The head of the U.S. Chamber of Commerce Tuesday called for U.S. policymakers to increase producer access to the offshore, block the Environmental Protection Agency's (EPA) efforts to regulate greenhouse gas (GHG) emissions under the Clean Air Act and to rein in the regulatory tsunami.
Chamber of Commerce President Thomas J. Donohue cited a recent Wood Mackenzie study, which concluded that increasing access to domestic oil and natural gas resources would create an additional 530,000 jobs, $150 billion more in government revenue and boost domestic production by four million boe/d by 2025 (see Daily GPI, Jan. 5).
"Yet instead of moving forward, we are slipping backwards. Government delays in issuing permits for energy development in the Gulf of Mexico have prompted companies to move drilling rigs -- and jobs -- to other...producing countries. Excluding the eastern Gulf of Mexico and the Atlantic and Pacific coasts from the upcoming five-year offshore plan will seriously undercut jobs and America's energy security," he said in his "State of American Business" address in Washington, DC.
"We will also continue our legal and legislative efforts to stop the EPA from misapplying environmental laws in order to unilaterally regulate greenhouse gases. The chamber will support appropriate bipartisan legislation to delay or stop the EPA and return the important climate change issue to the purview of the Congress," Donohue said.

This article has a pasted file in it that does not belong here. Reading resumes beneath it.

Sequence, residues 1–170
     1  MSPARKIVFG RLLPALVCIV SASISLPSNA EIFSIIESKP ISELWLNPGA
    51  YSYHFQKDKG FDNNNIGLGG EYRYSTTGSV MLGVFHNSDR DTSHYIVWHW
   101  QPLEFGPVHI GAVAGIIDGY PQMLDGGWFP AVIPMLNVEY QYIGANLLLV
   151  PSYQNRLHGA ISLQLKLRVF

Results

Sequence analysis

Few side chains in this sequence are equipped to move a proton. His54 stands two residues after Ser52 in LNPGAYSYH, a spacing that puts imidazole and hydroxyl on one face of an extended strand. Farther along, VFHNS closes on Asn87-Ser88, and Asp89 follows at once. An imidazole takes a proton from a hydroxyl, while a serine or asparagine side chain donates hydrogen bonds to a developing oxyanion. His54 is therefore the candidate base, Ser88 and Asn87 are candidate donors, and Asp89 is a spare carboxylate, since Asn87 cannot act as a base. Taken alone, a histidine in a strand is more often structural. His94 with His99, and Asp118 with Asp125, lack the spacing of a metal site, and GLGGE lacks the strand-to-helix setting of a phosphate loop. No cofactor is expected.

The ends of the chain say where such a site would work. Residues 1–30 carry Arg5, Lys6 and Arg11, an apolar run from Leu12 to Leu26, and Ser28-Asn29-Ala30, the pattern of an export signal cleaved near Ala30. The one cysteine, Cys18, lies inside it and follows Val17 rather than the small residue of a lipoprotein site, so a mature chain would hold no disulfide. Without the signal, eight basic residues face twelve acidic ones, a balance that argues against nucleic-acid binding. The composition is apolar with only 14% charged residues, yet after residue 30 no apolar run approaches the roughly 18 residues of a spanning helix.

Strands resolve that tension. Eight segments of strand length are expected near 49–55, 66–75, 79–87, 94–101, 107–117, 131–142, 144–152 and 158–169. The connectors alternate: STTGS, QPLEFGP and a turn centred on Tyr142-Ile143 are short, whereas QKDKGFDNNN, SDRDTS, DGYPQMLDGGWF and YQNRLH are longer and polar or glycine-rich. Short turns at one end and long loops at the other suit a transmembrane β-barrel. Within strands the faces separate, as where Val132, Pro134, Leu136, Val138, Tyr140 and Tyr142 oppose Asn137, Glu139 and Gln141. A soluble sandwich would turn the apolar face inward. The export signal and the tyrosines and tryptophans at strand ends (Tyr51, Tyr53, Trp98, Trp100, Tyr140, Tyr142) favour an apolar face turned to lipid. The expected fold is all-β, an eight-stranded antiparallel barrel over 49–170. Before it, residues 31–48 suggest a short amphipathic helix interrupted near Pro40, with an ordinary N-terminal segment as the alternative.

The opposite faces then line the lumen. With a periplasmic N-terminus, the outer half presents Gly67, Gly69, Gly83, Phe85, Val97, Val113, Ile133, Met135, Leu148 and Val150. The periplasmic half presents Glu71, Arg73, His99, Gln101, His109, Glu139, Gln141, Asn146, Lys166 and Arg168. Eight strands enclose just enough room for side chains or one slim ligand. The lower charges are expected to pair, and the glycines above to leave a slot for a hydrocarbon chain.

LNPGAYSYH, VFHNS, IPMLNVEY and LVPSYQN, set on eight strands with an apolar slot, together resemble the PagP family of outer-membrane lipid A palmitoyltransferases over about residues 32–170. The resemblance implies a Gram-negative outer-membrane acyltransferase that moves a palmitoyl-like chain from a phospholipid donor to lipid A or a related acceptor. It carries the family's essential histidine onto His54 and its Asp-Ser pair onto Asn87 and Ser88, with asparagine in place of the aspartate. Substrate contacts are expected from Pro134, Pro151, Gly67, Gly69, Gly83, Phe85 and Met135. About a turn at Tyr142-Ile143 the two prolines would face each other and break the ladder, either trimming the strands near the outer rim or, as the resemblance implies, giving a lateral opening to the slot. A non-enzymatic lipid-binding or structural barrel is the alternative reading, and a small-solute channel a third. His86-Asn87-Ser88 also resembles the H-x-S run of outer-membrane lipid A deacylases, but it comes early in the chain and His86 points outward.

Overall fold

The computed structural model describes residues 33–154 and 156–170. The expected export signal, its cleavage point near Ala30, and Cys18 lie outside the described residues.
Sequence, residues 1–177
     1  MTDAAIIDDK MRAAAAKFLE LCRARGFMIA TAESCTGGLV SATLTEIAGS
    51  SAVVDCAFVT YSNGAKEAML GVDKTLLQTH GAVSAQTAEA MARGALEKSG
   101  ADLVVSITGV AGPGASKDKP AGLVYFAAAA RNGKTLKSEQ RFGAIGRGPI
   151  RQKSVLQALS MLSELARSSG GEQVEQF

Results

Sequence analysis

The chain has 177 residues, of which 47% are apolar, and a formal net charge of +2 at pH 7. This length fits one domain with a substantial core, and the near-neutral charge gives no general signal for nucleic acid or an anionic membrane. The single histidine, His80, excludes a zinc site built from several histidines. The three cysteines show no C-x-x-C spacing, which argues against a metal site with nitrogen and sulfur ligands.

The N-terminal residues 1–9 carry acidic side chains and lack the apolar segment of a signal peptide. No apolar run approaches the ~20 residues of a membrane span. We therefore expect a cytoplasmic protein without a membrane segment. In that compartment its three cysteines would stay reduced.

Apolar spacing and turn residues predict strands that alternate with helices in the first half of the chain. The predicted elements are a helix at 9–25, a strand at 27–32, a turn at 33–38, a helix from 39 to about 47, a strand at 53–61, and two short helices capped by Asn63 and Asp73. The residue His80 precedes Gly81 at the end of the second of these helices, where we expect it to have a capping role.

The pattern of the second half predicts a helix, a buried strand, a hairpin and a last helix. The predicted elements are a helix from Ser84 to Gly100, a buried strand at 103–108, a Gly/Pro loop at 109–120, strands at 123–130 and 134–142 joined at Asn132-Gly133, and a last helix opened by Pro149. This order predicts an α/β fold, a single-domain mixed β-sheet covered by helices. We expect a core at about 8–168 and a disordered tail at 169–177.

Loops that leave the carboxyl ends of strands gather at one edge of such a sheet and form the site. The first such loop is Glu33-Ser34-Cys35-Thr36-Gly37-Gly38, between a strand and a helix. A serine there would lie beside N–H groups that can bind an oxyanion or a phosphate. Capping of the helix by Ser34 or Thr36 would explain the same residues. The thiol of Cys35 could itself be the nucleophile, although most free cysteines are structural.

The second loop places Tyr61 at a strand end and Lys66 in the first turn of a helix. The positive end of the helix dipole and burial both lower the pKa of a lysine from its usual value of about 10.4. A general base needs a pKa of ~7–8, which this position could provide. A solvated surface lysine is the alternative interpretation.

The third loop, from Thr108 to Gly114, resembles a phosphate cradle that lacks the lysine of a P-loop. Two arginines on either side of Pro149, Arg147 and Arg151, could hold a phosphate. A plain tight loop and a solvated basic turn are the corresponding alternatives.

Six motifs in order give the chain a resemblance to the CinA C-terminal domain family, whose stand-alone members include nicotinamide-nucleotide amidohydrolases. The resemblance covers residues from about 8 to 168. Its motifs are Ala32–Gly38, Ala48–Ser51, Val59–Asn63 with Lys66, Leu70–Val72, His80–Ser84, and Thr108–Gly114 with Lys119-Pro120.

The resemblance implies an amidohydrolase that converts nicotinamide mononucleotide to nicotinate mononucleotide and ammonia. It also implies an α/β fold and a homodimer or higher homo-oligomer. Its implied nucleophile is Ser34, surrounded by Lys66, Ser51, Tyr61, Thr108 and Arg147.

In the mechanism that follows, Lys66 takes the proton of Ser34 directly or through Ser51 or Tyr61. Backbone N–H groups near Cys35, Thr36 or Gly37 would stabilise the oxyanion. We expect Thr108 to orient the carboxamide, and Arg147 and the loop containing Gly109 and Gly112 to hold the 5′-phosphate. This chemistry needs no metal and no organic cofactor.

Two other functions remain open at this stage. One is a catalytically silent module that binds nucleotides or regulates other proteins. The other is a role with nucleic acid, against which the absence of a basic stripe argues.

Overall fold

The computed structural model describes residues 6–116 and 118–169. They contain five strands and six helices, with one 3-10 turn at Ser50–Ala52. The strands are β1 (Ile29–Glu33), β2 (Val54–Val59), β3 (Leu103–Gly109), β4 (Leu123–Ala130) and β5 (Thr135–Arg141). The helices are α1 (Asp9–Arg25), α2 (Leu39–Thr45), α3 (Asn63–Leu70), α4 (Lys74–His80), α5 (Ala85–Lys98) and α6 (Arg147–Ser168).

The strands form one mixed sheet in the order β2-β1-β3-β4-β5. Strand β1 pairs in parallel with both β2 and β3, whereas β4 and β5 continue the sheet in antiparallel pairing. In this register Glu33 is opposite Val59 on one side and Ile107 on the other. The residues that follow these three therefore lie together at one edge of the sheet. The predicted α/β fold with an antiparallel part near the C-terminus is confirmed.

He further said regulation needs to be brought under control. "In recent years, we have seen an unprecedented explosion of new regulatory activity...The administration is likely to turn increasingly to the regulatory agencies now that getting legislation out of Congress could be more difficult," he noted.
A regulatory tsunami is "about to wash over our capital markets" as a result of the Dodd-Frank Wall Street Reform Act, which President Obama signed into law in July, Donohue said. The new law calls for 259 mandated rulemakings, another 188 suggested rulemakings , 63 reports and 59 studies. "My grandchildren will be old and retired before it is all implemented," he noted.
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